I love patchwork quilts and I’m happy to say the craft of quilting is alive and well in Kentucky and throughout America.
The National Quilt Museum is in Paducah, Kentucky and on my list of places to visit someday.
I don’t make quilts, but it’s a skill I would love to learn. The vast size of my local quilting store is a testament to this enduring craft.
I always remember my granny’s ragbag – a collection of clippings and scraps gathered over the years to make and mend patchwork quilts. Fabric remnants were often purchased at rock bottom prices to add to her collection. She would have loved the Irish themed fabrics featured in today’s post.
Quilting In Ireland:
Ireland, like America, has a long tradition of quilting. During the 18th century the skill of patchworking was introduced to Ireland by the English gentry. Needlework skills were taught to those working in service. The craft was shared locally and spread from cottage to cottage and around the country.
Young girls learned needlework as security for the future and were expected to create some treasures for their ‘bottom drawer’ – a stash of sheets, blankets, towels and other household items saved in preparation for marriage. And for those who did not marry, needlework skills were an asset for entering service in one of Ireland’s big houses.
Today’s quilters no longer practice their craft out of sheer necessity, but create magnificent works of art to hand down through the generations.
Fraser St Fabrics:
Update December 2018 – The online store Fraser St Fabrics is no longer operating, but these fabrics are still available on Etsy from Fabrics of Ireland.
For those interested in creating quilts with an Irish motif, Fraser St Fabrics is a wonderful resource. This company offers Irish themed fabrics suitable for quilting and patchwork. All fabrics are 100% cotton.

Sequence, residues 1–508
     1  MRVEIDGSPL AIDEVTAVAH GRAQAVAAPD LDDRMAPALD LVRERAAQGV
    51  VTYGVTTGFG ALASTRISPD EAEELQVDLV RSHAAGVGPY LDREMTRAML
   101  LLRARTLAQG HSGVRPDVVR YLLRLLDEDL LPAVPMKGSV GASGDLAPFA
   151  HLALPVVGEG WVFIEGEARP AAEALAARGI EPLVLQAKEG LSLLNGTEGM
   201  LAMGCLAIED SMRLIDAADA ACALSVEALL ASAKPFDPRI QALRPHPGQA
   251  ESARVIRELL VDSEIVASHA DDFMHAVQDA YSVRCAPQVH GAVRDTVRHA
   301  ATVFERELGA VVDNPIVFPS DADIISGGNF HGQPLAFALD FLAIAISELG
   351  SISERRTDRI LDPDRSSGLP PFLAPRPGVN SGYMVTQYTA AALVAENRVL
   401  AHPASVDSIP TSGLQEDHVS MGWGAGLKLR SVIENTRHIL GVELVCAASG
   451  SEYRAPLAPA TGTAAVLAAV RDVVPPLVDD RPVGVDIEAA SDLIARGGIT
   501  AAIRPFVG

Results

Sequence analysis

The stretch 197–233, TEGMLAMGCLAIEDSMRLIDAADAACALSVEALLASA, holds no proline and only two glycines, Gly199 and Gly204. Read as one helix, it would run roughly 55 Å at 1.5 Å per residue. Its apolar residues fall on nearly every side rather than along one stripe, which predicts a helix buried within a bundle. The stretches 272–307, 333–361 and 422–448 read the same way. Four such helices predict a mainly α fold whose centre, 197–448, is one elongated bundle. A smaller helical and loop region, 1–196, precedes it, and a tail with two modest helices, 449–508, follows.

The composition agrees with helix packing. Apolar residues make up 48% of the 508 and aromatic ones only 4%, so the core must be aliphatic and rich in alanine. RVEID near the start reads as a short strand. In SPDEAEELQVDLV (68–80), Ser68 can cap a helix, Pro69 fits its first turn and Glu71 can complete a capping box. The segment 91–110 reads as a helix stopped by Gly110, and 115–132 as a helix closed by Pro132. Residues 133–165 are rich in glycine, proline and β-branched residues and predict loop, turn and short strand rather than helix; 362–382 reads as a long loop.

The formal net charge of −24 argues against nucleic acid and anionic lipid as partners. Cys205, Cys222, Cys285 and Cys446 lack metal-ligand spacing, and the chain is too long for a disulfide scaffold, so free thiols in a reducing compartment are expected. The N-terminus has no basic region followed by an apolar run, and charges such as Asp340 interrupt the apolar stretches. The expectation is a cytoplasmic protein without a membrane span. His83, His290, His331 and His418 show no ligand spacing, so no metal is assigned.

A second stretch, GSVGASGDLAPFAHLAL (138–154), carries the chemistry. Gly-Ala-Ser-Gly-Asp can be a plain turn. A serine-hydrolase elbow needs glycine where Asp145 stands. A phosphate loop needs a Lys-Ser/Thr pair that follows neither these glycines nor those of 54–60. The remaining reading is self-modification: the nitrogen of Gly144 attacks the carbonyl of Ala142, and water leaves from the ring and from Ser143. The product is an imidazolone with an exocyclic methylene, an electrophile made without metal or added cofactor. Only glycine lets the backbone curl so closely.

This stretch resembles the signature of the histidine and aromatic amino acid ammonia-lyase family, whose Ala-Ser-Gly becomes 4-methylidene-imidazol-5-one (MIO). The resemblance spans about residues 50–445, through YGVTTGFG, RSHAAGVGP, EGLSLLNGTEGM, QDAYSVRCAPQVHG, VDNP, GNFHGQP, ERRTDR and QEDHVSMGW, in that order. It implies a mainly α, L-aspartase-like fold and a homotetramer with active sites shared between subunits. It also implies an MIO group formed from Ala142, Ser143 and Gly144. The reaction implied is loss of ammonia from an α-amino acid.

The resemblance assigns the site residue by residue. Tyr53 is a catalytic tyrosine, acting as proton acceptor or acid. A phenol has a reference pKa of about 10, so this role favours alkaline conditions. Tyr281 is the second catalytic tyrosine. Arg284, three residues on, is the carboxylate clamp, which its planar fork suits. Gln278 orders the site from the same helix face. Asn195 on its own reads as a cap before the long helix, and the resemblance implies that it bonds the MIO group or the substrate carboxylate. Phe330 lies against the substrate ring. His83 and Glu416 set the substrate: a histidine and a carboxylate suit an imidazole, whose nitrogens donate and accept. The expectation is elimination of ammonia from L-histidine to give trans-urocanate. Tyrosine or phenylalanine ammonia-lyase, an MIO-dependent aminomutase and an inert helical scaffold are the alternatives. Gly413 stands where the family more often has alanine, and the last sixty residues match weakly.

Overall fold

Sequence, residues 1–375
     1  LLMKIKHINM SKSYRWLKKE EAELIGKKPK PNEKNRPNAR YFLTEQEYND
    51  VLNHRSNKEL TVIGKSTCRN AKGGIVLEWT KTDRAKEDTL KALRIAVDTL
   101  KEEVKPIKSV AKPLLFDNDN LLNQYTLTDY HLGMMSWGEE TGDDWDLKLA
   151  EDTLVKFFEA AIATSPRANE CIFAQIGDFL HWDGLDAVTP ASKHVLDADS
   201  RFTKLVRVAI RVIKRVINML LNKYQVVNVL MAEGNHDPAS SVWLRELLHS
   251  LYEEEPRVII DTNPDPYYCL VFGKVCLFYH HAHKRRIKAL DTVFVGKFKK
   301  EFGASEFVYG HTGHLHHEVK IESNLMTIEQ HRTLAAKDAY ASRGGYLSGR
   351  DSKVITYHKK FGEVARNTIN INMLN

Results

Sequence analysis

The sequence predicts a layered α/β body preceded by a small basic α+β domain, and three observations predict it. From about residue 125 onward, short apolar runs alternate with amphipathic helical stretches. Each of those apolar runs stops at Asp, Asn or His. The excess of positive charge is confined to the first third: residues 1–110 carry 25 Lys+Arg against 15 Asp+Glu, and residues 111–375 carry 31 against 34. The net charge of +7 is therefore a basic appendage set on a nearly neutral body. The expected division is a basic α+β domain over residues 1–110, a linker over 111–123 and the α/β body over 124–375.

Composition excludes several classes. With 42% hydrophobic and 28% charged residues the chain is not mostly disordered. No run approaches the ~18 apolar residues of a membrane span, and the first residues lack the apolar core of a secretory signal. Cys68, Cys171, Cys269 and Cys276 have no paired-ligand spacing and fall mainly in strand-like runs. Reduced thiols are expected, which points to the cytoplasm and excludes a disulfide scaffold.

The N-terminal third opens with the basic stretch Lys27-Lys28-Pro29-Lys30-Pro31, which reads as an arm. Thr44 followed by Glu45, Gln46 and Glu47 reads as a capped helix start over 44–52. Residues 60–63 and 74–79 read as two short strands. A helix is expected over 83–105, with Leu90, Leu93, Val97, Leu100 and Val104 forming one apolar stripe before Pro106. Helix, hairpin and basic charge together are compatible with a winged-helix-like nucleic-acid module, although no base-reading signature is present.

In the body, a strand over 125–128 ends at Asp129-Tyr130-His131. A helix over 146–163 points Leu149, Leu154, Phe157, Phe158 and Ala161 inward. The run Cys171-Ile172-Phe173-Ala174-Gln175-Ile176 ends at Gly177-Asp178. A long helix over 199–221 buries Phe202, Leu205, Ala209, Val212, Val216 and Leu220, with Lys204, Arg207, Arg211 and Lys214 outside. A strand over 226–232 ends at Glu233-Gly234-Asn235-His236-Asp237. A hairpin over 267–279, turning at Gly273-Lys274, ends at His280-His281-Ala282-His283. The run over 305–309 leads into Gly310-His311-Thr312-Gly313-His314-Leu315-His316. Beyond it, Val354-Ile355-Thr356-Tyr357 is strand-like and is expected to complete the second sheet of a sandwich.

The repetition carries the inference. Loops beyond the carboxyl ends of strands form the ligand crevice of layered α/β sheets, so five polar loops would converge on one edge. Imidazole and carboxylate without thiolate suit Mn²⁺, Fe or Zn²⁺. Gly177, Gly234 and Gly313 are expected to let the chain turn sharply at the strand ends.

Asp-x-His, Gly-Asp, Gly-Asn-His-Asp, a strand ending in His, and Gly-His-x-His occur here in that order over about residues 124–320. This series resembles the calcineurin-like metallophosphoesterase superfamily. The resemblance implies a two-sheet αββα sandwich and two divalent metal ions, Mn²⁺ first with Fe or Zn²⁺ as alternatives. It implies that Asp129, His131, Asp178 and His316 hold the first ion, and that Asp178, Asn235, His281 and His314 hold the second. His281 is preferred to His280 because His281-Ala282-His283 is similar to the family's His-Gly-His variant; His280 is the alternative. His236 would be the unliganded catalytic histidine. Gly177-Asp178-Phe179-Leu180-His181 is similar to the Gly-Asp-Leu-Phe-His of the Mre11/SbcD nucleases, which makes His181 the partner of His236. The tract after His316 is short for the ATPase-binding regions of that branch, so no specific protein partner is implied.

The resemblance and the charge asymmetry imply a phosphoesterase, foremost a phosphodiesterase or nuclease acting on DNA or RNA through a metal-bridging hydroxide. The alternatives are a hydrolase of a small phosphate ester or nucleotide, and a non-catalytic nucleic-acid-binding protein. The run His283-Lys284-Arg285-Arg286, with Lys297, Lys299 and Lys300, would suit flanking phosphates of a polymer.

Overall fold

There are currently three fabric ranges available.
The Irish Culture Range includes images of leprechauns, St. Brigid’s Cross, Irish dancers, Gaelic footballers, hurlers and many more.
The Educational Range allows you create a book or wall hanging to help learn how to tell the time, identify colors and count, all in the Gaelic language.
Finally, there’s a Celtic Knot Range in some beautiful colors.
There’s something for everyone, with many more fabric designs on the way. All fabrics can be purchased through the Fraser St Fabrics website, with worldwide shipping available.
Fraser St Fabrics also has a Facebook page with fabric updates, competitions and special offers, so be sure to ‘Like’ their page.
Fraser St Fabrics has generously sponsored a giveaway for Irish American Mom’s readers. One lucky quilter will win one fat quarter of each of the fabrics in the image below.
To enter our giveaway just leave a comment on this blog post by noon on Saturday, November 9th, 2013 at noon. You can leave any comment you wish. What you write does not affect your chances of winning.
If you need some inspiration, why not tell us if you quilt, sew, knit or enjoy any other craft.
A winning comment will be chosen randomly. Remember to leave your e-mail so that I can contact you should you win. E-mails won’t be published or shared, just used to contact our prizewinners.
I’ll announce the winners on Saturday November 9th, in a separate blog post. I’ll send an e-mail to the lucky entrant so we can connect for address exchange and mailing of the prize.
Best of luck to all our entrants and a big thank you to Fraser St Fabrics for sponsoring this giveaway.
Slán agus beannacht!
(Goodbye and blessings)
Irish American Mom
P.S. Irish American Mom does not have a business relationship with Fraser St Fabrics, and received no remuneration for this post. Fraser St Fabrics graciously provided this prize free of charge.
Here are some other ramblings and recipes about all things Irish and Irish American, which you might enjoy.